A BBKNN reads the report of the reconsideration committee and finds a) the committee has agreed with the BBKNN or b) shrieks in frustration that others have found value and merit in the book and is NOT resigned that the book will remain on the shelf.
Instead they immediately escalate and file an appeal vowing to take their complaint all the way to the state board of education.
Concerned parents are concerned with the welfare of their own child.
BBKNNs' own children are not part of the equation because they don't let their kids read “those kinds of books” anyway.
I love concerned parents.
Saturday, February 17, 2007
are launching readergirlz, a new online book community celebrating gutsy girls in life & lit. Our goal is to encourage teen girls to read and reach out. Every month, we will gather readers online to discuss a novel with us and participate in a community service project related to that book.
We'll kick off readergirlz on March 1, 2007, in honor of National Women's History Month.
Miss Erin has a review of Carey's Dragon's Keep. What a great cover!
Their myspace page features Suddenly I See by KT Tunstall which makes reading and viewing the site very enjoyable.
I need to flag this for the entlings to see for sure.
Friday, February 16, 2007
Surprisingly, this book is a tough sell with kids. I think the Kevin Hawkes pen and ink illustrations fit the story perfectly. Despite my awesome ability as a booktalker (she adds modestly) and my enthusiasm for it, I have had limited success selling this story. I guess I never found the right reader.
Avi's The True Confessions of Charlotte Doyle is another title that is such an exciting and terrific girl power book but confounds me when I sense that subtle push-back and mouth twist that indicates, "no sale."
Timing IS everything. I think kids were very ready for Lemony Snicket following 9-11.
Easy to say : hard to accomplish -- It really is a matter of a book finding its reader. Teri Lesesne (Goddess of YA Literature) has summed up the challenge with her book titled Making the Match: The Right Book for the Right Reader at the Right Time: the right person at the right place at the right time and the right book.
Complicated yes, but that is why us matchmakers keep at it. When it happens, it is m-a-g-i-c.
BTW: Do find Lesesne's new book Naked Reading: Uncovering What Tweens Need to Become Lifelong Readers, 2006.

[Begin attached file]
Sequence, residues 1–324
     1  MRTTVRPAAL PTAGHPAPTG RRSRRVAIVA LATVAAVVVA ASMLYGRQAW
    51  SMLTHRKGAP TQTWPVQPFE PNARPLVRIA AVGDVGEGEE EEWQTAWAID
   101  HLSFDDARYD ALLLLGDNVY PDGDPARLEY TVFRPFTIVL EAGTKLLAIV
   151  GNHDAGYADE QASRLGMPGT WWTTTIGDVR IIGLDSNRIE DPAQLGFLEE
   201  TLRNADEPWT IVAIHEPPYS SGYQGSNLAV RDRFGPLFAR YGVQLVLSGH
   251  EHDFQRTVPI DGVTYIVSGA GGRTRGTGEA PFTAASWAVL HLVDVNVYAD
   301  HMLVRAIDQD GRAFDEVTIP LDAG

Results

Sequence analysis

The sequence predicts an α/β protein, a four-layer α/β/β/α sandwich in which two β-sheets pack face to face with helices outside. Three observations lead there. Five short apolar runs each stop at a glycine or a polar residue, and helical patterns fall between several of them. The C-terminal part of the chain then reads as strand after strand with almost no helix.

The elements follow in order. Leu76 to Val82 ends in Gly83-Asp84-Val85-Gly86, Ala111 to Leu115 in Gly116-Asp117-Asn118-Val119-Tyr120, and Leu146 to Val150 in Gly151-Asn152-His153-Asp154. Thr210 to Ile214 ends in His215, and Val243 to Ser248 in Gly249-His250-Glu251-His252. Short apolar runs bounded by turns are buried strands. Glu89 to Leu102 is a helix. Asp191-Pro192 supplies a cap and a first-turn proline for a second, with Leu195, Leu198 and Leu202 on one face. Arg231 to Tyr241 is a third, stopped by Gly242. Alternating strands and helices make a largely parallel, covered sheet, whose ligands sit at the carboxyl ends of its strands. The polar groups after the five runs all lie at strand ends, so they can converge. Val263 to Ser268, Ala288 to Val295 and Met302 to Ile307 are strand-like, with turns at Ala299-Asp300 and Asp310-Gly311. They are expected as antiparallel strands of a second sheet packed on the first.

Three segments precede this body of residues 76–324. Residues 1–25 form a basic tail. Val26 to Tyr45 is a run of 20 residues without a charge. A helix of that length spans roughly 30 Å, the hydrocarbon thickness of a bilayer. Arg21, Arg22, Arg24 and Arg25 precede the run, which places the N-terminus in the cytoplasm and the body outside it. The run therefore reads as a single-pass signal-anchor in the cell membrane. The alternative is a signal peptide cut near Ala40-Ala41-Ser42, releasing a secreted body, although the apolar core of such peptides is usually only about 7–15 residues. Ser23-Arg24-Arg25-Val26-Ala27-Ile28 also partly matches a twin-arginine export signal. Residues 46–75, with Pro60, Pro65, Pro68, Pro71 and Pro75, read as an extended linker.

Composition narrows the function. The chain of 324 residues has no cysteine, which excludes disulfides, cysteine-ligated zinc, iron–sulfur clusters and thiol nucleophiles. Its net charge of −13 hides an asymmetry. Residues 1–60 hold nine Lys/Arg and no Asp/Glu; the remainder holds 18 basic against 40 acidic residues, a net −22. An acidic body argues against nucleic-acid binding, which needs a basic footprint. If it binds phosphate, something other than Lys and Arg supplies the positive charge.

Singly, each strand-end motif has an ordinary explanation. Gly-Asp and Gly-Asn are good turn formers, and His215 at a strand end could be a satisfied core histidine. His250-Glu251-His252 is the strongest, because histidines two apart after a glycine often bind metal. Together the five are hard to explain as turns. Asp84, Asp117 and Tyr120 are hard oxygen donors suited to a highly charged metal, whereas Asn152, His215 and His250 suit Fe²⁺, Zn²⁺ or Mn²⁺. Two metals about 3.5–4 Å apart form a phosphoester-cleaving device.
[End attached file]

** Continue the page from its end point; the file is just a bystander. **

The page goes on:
Thursday, February 15, 2007
One of the first things I heard about the Terabithia movie was that it was going to be a "sprawling fantasy adventure," and they had hired a big special effects team for it, and my initial reaction was to sort of recoil at this—
Paterson: Your initial reaction? (laughs) What do you think mine was?
I don't know, you tell me!
Paterson: Well, that was the thing I was most afraid of. And if you've seen the trailer, my word. I'm just telling everybody I know, "Don't see the trailer, don't see the trailer." Because it's exactly what the trailer ends up making you think, is that it's this glorified fantasy adventure with nothing but special effects, and that's not what we ended up with in this movie.
The story is ultimately about friendship ... and loss
We've ended up with a movie about a friendship between a boy and a girl who develop an imaginary kingdom, and the girl dies, and the boy has to deal with his loss, which is the story of the book. Now of course, because it is currently 2007 and not 1977, when you make a certain type of movie, people expect special effects—and so they've got some special effects. But I don't think they've ruined the movie. (laughs)
The one good thing that they managed to convey to me—and I can't guarantee that this will be conveyed to everyone who sees it—was that Terabithia is not another land, that Terabithia is absolutely coming out of the children's imaginations. It leads into the Terabithian scenes in such a way that I was convinced that they were creating this other land, which to me was masterful.
From the Sublime to the mundane now:
A Fuse #8 points me towards Lady, That's My Skull who comments on the new Nancy Drew movie and the horrific news that Tom Cruise and Ben Stiller are really going to team up for Hardy Men, an updated Hardy Boys adventure. Hijinks ensue, no doubt.
Both these guys stepped into the empty elevator shaft of my attention span a long time ago. Nothing to see here, move along please.
Wednesday, February 14, 2007
Fantasy and Science Fiction:
Ptolemy's Gate (The Bartimaeus Trilogy, Book 3)
Fiction Picture Books:
by Melanie Watt
Kid’s Can Press
Ages 12 and Under:
Amelia Rules! Volume 3: Superheroes
by Jim Gownley
Ages 13 and Up:
American Born Chinese
Middle Grade Fiction:
A Drowned Maiden's Hair: A Melodrama
by Laura Amy Schlitz
Non-Fiction, Middle Grade and Young Adult:
Freedom Walkers: The Story of the Montgomery Bus Boycott